Menon’s (When Dimple Met Rishi, 2017) sophomore effort is a charming and sophisticated rom-com that outshines her previous...


Aspiring filmmaker Twinkle Mehra fills her journal with entries addressed to her favorite female movie directors, among them Mira Nair, Sofia Coppola, Nora Ephron, and Ava DuVernay.

Shy, 16-year-old Twinkle received the journal as a gift from her unconditionally supportive (and highly eccentric) dadi, or paternal grandmother, who urged her to use it to express her innermost heartfelt thoughts. Twinkle navigates film school aspirations, which she believes are unattainable due to her working-class family’s financial situation; an unrequited crush on Neil Roy, a half white, half Indian boy who is the big man on campus; a changing relationship with her former best friend, Maddie Tanaka, who is now hanging out with a wealthy, cool crowd; and an unexpected and confusing relationship with fellow film geek Sahil Roy, Neil’s awkward and less-noticeable identical twin brother. Twinkle sees embarking on a project for a local film festival with Sahil as a way to become close to Neil, realize her romantic ambitions, and thus improve her social standing at school. When she begins receiving admiring emails signed only “N,” she assumes her mystery fan to be Neil; however, Sahil has long had his eye on Twinkle— and the true identity of her anonymous fan becomes a tantalizing mystery.

Menon’s (When Dimple Met Rishi, 2017) sophomore effort is a charming and sophisticated rom-com that outshines her previous outing. (Fiction. 12-18)

Pub Date: May 22, 2018

ISBN: 978-1-4814-9540-0

Page Count: 336

Publisher: Simon Pulse/Simon & Schuster

Review Posted Online: April 3, 2018

Kirkus Reviews Issue: April 15, 2018

Did you like this book?

No Comments Yet

Engrossing, contemplative, and as heart-wrenching as the title promises.

Reader Votes

  • Readers Vote
  • 26

Our Verdict

  • Our Verdict
  • GET IT

  • Kirkus Reviews'
    Best Books Of 2017

  • New York Times Bestseller

  • IndieBound Bestseller


What would you do with one day left to live?

In an alternate present, a company named Death-Cast calls Deckers—people who will die within the coming day—to inform them of their impending deaths, though not how they will happen. The End Day call comes for two teenagers living in New York City: Puerto Rican Mateo and bisexual Cuban-American foster kid Rufus. Rufus needs company after a violent act puts cops on his tail and lands his friends in jail; Mateo wants someone to push him past his comfort zone after a lifetime of playing it safe. The two meet through Last Friend, an app that connects lonely Deckers (one of many ways in which Death-Cast influences social media). Mateo and Rufus set out to seize the day together in their final hours, during which their deepening friendship blossoms into something more. Present-tense chapters, short and time-stamped, primarily feature the protagonists’ distinctive first-person narrations. Fleeting third-person chapters give windows into the lives of other characters they encounter, underscoring how even a tiny action can change the course of someone else’s life. It’s another standout from Silvera (History Is All You Left Me, 2017, etc.), who here grapples gracefully with heavy questions about death and the meaning of a life well-lived.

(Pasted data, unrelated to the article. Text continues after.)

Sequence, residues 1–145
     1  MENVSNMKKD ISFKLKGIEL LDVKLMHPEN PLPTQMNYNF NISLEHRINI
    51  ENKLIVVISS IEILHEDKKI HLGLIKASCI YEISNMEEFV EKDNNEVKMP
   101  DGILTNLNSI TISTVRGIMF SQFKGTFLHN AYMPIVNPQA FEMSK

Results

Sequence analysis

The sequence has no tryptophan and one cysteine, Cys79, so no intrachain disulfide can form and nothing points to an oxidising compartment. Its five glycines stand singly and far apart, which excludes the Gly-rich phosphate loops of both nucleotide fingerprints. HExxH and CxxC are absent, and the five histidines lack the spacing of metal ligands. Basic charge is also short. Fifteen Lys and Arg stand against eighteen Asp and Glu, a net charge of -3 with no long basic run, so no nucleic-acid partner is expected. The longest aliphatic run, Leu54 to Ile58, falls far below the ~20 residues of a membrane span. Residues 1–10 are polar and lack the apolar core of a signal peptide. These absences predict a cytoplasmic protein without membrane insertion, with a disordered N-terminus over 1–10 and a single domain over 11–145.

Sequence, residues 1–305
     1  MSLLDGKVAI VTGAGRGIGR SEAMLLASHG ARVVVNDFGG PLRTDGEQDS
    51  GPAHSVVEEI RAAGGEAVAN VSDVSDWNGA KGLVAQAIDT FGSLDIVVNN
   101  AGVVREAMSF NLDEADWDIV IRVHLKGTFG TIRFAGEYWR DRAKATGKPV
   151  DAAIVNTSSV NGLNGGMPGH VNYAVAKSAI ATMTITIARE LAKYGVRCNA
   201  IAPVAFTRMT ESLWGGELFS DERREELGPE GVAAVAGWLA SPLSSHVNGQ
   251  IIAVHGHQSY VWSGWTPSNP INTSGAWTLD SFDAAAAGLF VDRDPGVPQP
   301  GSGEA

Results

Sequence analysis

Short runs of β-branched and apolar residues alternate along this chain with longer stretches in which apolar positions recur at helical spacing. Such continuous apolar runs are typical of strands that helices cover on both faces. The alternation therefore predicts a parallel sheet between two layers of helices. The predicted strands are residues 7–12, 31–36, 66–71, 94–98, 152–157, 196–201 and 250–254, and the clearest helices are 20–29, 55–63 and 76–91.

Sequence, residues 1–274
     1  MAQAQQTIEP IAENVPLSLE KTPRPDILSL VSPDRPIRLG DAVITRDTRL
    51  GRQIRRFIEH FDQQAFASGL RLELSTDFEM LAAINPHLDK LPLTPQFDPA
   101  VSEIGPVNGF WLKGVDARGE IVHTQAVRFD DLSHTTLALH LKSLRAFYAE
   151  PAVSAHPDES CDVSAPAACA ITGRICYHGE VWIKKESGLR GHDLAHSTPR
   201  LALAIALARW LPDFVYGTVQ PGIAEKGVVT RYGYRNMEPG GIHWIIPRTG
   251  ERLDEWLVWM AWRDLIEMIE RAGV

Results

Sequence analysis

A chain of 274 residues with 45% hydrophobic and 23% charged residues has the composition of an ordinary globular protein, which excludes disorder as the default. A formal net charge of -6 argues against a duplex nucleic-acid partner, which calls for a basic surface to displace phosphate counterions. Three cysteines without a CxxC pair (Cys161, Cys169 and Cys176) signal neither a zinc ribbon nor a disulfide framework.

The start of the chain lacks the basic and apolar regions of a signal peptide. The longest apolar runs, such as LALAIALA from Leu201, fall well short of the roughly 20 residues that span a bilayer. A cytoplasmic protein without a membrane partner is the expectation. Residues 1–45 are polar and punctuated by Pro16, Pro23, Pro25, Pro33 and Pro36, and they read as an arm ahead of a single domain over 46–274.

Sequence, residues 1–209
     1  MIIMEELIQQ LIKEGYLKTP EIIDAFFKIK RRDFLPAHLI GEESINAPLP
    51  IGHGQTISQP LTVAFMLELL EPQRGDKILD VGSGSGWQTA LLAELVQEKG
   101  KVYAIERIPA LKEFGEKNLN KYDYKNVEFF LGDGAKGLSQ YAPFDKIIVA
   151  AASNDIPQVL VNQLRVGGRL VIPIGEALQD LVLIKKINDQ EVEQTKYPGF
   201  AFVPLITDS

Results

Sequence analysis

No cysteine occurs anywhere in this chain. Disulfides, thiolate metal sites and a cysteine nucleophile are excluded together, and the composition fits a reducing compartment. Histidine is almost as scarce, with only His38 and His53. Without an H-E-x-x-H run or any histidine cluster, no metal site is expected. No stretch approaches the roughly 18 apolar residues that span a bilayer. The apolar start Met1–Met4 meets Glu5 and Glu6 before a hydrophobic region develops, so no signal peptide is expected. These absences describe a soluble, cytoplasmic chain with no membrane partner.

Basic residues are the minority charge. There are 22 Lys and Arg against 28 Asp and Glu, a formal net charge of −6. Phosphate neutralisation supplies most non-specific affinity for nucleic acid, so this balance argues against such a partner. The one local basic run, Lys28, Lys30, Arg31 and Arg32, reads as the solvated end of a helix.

Engrossing, contemplative, and as heart-wrenching as the title promises. (Speculative fiction. 13-adult).

Pub Date: Sept. 5, 2017

ISBN: 978-0-06-245779-0

Page Count: 384

Publisher: HarperTeen

Review Posted Online: June 5, 2017

Kirkus Reviews Issue: June 15, 2017

Did you like this book?

An inspirational read.


A true story of faith, love, and heroism.

Stefania “Fusia” Podgórska longed for nothing more than to leave the rural Polish farm she was born on for the city of Przemyśl where her older sisters lived. At the age of 12, she did just that, finding a job with the Diamants, a family of Jewish shopkeepers who welcomed her into their lives. For three years they lived peacefully until the Germans dropped bombs on Przemyśl. The family struggled on as the war and anti-Semitism ramped up, but eventually, the Diamants were forced into a ghetto. Then 17, Catholic Fusia was determined to help them survive, even at the risk of her own safety, while also caring for her 6-year-old sister, Helena, after their family was taken by the Nazis for forced labor. Knowing the risks involved, Fusia made a bold decision to harbor Jews. As the number of people she sheltered increased, so did her panic about being caught, but she was determined to do what was right. Cameron (The Knowing, 2017, etc.) used Stefania’s unpublished memoir as well as interviews with family members as source material. She deftly details Fusia’s brave actions and includes moving family photographs in the author’s note. Narrated in the first person, the story highlights essential events in Fusia’s life while maintaining a consistent pace. Readers will be pulled in by the compelling opening and stay for the emotional journey.

An inspirational read. (author’s note) (Historical fiction. 13-18)

Pub Date: March 3, 2020

ISBN: 978-1-338-35593-2

Page Count: 400

Publisher: Scholastic

Review Posted Online: Dec. 8, 2019

Kirkus Reviews Issue: Jan. 1, 2020

Did you like this book?